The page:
WASHINGTON — Cuba made the State Department's annual list of state sponsors of terrorism Thursday — but with tempered language that may reflect an Obama administration interested in improving relations with Havana.
Critics of U.S.-Cuba policy have championed Cuba's removal from the list, saying the country no longer meets the criteria. The other countries on the list: Iran, Syria and Sudan.
But the report says that while Cuba "no longer actively supports armed struggle in Latin America and other parts of the world,'' the government "continued to provide safe haven to several terrorists."
It notes that members of ETA, the FARC, and the ELN remained in Cuba during 2008, "some having arrived in Cuba in connection with peace negotiations with the governments of Spain and Colombia" and that "Cuban authorities continued to publicly defend the FARC." But it singles out former Cuban President Fidel Castro for calling on FARC in July 2008 to release the hostages it was holding.
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"He has also condemned the FARC's mistreatment of captives and of their abduction of civilian politicians who had no role in the armed conflict," the report states.
It also notes that the U.S. "has no evidence of terrorist-related money laundering or terrorist financing activities in Cuba, although Cuba has one of the world's most secretive and non-transparent national banking systems."
The report comes two weeks after President Barack Obama lifted travel and gift restrictions on Cuban Americans in a bid to thaw relations between the two countries and Cuba watchers suggested it may be a first step toward removing Cuba from the list.
"It's a big gesture on their part to recognize Fidel Castro's statements about the FARC," said Philip Peters of the Lexington Institute. "It sounds to me like Cuba is on its way to coming off the list."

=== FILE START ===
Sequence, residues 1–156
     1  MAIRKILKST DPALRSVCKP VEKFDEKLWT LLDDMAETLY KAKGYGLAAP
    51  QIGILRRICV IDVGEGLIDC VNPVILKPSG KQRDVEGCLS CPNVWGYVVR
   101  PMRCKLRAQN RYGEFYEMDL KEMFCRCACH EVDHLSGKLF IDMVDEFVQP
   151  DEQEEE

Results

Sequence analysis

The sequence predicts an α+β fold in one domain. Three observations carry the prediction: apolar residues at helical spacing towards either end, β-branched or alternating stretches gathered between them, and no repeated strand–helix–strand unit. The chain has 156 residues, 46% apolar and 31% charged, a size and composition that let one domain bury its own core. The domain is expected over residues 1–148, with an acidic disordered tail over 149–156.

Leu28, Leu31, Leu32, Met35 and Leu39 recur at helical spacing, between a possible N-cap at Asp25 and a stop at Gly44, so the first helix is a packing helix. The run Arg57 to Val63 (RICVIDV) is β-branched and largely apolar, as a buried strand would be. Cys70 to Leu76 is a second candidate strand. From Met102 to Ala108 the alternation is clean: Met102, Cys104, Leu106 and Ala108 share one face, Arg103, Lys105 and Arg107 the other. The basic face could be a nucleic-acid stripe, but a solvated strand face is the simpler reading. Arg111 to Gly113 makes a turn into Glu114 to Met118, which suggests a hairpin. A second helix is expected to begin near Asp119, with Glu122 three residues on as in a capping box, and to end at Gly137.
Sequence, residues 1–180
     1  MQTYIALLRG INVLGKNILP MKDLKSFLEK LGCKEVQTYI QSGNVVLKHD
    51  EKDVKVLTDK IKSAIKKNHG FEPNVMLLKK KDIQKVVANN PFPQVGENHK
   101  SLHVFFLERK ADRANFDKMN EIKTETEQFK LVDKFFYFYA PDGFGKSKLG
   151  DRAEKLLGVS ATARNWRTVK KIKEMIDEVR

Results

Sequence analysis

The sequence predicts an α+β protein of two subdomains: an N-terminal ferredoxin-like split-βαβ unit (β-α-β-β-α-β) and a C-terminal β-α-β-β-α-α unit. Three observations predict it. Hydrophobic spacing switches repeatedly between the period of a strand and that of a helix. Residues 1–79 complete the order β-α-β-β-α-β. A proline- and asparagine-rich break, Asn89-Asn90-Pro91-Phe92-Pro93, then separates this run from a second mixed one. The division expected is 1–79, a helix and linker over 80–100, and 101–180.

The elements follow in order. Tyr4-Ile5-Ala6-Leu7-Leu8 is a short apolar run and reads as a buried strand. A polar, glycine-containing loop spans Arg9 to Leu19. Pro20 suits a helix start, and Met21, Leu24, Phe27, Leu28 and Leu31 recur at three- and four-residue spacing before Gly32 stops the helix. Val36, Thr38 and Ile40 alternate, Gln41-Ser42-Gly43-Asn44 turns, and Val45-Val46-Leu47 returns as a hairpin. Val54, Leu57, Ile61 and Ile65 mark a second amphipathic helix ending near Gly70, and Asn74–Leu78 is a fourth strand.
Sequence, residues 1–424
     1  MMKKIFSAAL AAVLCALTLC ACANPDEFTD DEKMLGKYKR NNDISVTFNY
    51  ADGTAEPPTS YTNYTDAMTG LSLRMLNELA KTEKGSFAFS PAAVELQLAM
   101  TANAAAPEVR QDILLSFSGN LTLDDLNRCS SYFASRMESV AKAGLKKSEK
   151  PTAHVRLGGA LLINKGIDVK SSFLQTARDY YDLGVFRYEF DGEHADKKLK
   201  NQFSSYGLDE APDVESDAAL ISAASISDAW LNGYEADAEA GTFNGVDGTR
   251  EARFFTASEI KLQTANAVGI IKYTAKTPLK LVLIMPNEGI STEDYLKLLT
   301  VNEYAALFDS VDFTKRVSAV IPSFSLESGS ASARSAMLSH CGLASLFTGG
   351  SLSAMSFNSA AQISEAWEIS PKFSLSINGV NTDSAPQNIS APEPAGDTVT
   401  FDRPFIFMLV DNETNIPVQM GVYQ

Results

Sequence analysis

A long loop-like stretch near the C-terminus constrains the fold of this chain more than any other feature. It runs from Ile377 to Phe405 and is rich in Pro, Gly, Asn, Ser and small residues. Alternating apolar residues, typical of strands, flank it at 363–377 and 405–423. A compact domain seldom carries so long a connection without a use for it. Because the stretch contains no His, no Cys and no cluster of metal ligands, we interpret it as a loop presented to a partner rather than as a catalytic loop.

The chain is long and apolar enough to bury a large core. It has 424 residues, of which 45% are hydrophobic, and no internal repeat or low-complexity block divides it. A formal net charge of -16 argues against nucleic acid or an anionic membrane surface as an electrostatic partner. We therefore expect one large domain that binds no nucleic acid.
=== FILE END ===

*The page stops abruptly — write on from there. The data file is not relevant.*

Asked about that possiblity at a State Department briefing, Ronald Schlicher, the acting coordinator of counterterrorism, said the report is a "snapshot of the terrorism-related activities" and was not "laying the groundwork for anything."
After the briefing, a State Department official said, "It's a new administration and they're examining the language a little more carefully."
The report notes that the Cuban government continued to allow U.S. fugitives, including members of U.S. militant groups to live legally in Cuba. But it added that, "in keeping with its public declaration, the government has not provided safe haven to any new U.S. fugitives wanted for terrorism since 2006."
The 2007 report also noted that Cuban government continued to allow U.S. fugitives to live in Cuba "and refused almost all U.S. requests for their return.'' It also went on to characterize the fugitives as "convicted murderers (two of them killed police officers) as well as numerous hijackers, most of whom entered Cuba in the 1970s."
"The Cuban government,'' the 2007 report said, "stated in 2006 that it would no longer provide safe haven to new U.S. fugitives entering Cuba."
(Warren Strobel contributed to this article.)